More than 30,000 Costco workers are hoping for a reversal of a federal court’s denial of class certification in an overtime lawsuit. The workers allege that during forced lockdown procedures they were locked inside the store at the end of their shifts and not paid overtime. In their brief to the Ninth Circuit, the workers argued that the federal judge had erred in considering manageability of the claims “to the exclusion of other factors.” The judge felt that there was no classwide method for determining whether, how often, and for how long class members worked off-the-clock with no overtime pay. In addition, the judge focused on the fact that some stores did not implement the lockdown procedure all the time, holding that common questions did not predominate. In their brief, plaintiffs reject this reasoning stating:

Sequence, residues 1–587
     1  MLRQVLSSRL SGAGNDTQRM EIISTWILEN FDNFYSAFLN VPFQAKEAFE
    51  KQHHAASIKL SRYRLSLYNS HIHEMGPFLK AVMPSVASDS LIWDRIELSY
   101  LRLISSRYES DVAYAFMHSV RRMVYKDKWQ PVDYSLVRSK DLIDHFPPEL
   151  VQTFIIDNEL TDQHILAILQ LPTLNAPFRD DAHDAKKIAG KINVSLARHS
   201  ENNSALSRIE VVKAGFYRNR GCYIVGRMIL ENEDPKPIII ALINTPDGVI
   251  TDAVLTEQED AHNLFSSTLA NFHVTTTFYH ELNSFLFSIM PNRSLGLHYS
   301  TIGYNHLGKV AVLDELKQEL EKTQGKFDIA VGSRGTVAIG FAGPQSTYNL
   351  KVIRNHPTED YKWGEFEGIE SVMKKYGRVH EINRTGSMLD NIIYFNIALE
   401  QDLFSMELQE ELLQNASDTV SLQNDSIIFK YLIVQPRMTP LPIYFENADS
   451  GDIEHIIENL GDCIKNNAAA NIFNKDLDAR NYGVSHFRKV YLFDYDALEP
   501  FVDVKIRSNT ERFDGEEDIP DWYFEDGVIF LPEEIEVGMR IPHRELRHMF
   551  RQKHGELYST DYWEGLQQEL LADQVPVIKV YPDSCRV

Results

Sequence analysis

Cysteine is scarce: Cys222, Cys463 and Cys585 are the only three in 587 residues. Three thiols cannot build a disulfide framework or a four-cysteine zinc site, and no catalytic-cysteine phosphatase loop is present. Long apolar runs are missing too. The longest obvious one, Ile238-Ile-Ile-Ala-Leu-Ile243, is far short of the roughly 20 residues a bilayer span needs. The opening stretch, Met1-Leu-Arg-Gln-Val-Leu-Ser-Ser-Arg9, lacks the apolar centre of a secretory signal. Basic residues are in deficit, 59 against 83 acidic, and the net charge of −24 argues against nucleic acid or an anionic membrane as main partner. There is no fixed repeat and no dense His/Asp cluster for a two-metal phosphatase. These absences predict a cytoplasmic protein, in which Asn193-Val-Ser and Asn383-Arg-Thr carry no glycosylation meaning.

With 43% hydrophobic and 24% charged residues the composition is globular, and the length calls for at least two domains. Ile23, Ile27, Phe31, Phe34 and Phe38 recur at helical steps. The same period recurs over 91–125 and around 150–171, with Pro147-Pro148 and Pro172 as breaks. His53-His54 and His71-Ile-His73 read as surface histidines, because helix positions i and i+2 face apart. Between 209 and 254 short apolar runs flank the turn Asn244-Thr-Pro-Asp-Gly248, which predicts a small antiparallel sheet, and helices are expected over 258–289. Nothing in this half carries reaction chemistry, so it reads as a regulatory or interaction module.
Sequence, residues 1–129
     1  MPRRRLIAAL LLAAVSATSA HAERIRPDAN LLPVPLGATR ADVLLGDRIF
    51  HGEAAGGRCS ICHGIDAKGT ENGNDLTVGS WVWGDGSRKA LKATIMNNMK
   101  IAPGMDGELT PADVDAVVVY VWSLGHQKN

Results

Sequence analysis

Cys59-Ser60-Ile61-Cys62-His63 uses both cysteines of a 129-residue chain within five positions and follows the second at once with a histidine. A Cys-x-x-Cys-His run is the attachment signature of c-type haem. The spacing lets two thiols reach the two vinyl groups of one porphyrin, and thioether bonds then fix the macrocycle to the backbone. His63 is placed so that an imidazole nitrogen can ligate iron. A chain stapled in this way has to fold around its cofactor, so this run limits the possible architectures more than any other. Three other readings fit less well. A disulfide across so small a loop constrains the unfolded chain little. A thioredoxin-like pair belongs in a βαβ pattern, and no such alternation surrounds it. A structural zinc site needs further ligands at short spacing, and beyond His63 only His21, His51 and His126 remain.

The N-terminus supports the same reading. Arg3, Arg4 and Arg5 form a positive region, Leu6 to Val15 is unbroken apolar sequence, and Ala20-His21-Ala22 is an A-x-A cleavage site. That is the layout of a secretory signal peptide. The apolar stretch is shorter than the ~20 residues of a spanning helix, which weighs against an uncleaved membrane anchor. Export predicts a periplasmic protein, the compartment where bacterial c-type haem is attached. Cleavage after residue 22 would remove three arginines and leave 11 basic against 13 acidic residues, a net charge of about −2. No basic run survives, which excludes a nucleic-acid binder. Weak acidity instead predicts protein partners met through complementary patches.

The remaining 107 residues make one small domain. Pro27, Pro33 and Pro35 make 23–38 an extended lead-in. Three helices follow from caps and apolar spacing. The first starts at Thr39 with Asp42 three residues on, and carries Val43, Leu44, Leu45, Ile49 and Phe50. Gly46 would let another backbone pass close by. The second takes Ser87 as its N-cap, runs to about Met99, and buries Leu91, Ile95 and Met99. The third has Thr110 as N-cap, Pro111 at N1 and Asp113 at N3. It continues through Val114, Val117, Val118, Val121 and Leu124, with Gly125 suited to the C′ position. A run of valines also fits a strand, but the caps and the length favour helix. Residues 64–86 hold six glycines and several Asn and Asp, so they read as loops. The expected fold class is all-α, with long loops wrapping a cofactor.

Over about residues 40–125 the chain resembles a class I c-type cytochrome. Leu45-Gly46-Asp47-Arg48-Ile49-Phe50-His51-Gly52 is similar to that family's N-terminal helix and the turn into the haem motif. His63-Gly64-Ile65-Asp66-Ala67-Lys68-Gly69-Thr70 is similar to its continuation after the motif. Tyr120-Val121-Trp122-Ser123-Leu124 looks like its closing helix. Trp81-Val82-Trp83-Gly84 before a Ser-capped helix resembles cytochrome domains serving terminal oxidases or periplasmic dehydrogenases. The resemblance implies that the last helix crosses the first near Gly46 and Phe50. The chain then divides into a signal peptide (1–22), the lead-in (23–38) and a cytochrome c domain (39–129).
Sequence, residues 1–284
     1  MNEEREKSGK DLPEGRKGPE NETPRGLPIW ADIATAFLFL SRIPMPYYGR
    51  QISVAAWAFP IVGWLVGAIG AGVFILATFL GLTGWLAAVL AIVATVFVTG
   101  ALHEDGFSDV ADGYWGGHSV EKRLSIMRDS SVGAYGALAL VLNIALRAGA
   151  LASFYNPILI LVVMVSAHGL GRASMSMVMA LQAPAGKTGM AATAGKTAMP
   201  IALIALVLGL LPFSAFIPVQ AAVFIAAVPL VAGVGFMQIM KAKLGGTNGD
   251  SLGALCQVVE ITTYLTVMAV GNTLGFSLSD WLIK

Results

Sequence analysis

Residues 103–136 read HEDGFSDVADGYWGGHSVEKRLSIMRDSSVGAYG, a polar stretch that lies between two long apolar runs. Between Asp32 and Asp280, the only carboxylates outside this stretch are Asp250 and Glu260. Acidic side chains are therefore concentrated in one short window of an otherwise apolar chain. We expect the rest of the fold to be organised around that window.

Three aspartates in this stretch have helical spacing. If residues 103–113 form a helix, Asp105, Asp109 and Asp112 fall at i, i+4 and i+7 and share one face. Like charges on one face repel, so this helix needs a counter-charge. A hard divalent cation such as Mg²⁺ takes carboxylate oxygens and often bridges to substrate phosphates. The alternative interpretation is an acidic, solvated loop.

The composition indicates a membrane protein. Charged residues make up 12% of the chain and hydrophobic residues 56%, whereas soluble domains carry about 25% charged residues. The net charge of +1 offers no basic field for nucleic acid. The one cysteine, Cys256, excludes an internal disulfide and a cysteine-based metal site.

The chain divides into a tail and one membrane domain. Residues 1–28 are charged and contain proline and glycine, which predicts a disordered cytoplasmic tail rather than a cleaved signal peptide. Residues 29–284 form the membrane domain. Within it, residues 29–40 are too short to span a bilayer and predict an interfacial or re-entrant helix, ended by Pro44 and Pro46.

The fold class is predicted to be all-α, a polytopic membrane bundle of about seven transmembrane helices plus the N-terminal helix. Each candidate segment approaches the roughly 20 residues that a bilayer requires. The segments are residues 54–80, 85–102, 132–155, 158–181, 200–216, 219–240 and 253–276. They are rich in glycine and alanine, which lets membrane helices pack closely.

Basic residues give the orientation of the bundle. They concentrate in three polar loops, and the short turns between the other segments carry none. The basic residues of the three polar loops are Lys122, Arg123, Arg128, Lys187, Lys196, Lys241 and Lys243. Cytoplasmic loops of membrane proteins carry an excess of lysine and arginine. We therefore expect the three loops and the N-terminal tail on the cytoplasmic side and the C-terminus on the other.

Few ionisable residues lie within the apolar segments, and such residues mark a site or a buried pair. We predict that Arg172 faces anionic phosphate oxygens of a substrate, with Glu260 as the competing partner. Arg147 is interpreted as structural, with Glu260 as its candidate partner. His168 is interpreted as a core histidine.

“The fact that a ‘company wide, uniformly enforced policy’ may not have been unanimously followed at all times does not warrant decertification [and] courts consistently hold that some variation in implementing a policy does not defeat class certification”
Plaintiffs also argued that the judge’s reasoning is “contradicted by black letter law” and argued that the question at issue should be whether the class “systematically suffered unpaid hours,” according to the brief.
The case is Eric Stiller and Joseph Moro et al. v. Costco Wholesale Corp., case number 15-55361, in the U.S. Court of Appeals for the Ninth Circuit.
For more information about overtime claims contact Costa Mesa employment attorneys at Ford & Diulio PC at 714-384-5540 or email Jessica Diulio at email@example.com.